Land and Inheritance – Understanding the law in regard to inheritance, especially of land, is an important tool in interpreting records. Without a thorough understanding of how real and personal property was inherited especially in an intestate estate or under the rules of primo-geniture and entail, it is impossible for the researcher to make accurate assumptions of relationships based upon the inheritance of land.
Backtracking Your Migrating Ancestor: A Methodology That Works – When an ancestor suddenly appears in an area with no obvious clue to his origin, many researchers are lost. Yet carefully combing for clues in the area in which he is found will often provide the answer. This lecture provides a framework for researchers to follow in their search for their ancestor’s origin.
Taxes: Milk Them for All They’re Worth! – Most often used as substitute census, tax lists, when interpreted properly, can provide a wealth of information on individuals, their occupations, families, lifestyles, and antecedents.
Registration and additional information available at: http://www.ncgenealogy.org
Historians interested in pre-Revolutionary Alamance County will want to join local author Carole Troxler at the Mebane Public Library on
Tuesday, September 20th at 7:00pm. Dr. Troxler will talk about the topic of her latest book, “Farming Dissenters: The Regulator Movement in Piedmont North Carolina”.
Here is the book summary from Amazon: The Regulator Movement grew from the frustration of North Carolina’s backcountry residents–frustration with local officials who ran their offices for personal gain, disregarding the rights of the residents–frustration with a complicated land grant system that did not guarantee clear ownership of land–frustration with a colonial legislature dominated by eastern political and economic interests. In this new study, Dr. Carole Troxler steps back more than two decades before the pivotal Battle of Alamance (May 16, 1771) to examine the issues and their cultural context that fostered the Regulator Movement and determined its progress, and political aftermath. This is the story of local government more interested in its needs than those of its constituents–and of settlers steeped in the Dissenter religious culture who drew on its political orientation to risk activism often cited as a prelude to the American Revolution.
Dr. Troxler is also the co-author of “Shuttle and Plow: A History of Alamance County, North Carolina”.
Date: Tuesday, September 27, 2011
Time: 7:00 p.m.
Place: Olivia Raney History Library, 4016 Carya Drive, Raleigh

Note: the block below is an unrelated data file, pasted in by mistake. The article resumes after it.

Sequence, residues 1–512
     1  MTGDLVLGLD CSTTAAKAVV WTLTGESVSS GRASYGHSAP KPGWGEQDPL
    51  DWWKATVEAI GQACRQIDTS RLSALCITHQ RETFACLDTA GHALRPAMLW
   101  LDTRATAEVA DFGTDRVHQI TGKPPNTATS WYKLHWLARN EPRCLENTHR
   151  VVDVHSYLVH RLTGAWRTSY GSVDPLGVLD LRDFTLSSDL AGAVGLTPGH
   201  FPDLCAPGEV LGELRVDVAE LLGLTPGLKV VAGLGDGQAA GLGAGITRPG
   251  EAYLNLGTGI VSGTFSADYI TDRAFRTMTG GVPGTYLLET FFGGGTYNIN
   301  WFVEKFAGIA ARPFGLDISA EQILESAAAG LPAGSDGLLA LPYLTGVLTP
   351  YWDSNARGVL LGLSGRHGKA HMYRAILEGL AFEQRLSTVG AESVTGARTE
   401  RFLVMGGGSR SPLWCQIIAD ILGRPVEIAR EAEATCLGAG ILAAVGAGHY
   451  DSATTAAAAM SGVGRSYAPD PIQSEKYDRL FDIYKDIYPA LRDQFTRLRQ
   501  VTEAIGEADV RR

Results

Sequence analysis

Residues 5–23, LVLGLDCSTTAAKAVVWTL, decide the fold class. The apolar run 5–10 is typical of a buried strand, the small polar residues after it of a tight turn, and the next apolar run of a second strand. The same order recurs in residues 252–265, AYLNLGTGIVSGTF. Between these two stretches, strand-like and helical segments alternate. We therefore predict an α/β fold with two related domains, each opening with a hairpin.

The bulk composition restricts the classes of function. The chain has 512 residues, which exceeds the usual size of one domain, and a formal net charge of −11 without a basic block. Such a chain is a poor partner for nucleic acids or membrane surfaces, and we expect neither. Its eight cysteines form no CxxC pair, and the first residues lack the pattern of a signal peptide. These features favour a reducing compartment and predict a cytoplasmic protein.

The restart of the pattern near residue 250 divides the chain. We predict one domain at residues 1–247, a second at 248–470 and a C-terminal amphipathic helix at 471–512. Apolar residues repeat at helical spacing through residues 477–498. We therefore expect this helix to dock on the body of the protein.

Speaker: Craig Scott, President and CEO of Heritage Books
Topic: Research in the National Archives
Guests are welcome — bring a friend!
If you haven’t heard Craig talk before then you are in for a delightful time. He is a nationally renowned speaker!
The North Carolina Chapter of Palatines to America is holding its first Fall Seminar on Saturday, October 1, 2011, at the Wake County Southeast Regional Library in Garner.
Registration information: www.rootsweb.ancestry.com/~ncwcgs/palamseminar.pdf
Palatines to America is a genealogical society for those researching German speaking ancestors, with emphasis on migration from the Germanic regions of Europe to North America. For more information, visit their website at www.palam.org.
Family Tree Magazine is offering a free online tutorial to help new genealogists trace their roots. If you are new to genealogy and not sure where to start, then this is the place to be!
When: Sat, Oct 16, 2010 2pm-3pm EDT (1 CDT, 12 MDT, 11 am PDT)
Where: Your computer!
• The best places to gather information
• Tips for online searching and genealogy websites
• Records that contain information about your ancestors
• Ways to record and share what you find, including genealogy software
Who should attend:
• People who are completely new to genealogy
• “Armchair researchers” who’ve dabbled a bit with genealogy websites but want more direction
• Intermediate genealogists looking for a refresher on research fundamentals
Don’t miss this upcoming program-”A Community Dialogue about School Desegregation”-part of the North Carolina Collection’s Commemorating Courage series, presented with Duke University’s Pauli Murray Project.
The program will be held this Sunday, August 22, to honor the first African-American students to integrate several of Durham’s previously all white schools and to mark the 50th anniversary of the first of these students to graduate from Durham High School. We invite you to bring your memories of Durham or the places you grew up-to share your stories and learn from the stories of your neighbors.
Thanks for helping to get the word out! I look forward to seeing you on the 22th.
North Carolina Collection
Durham County Library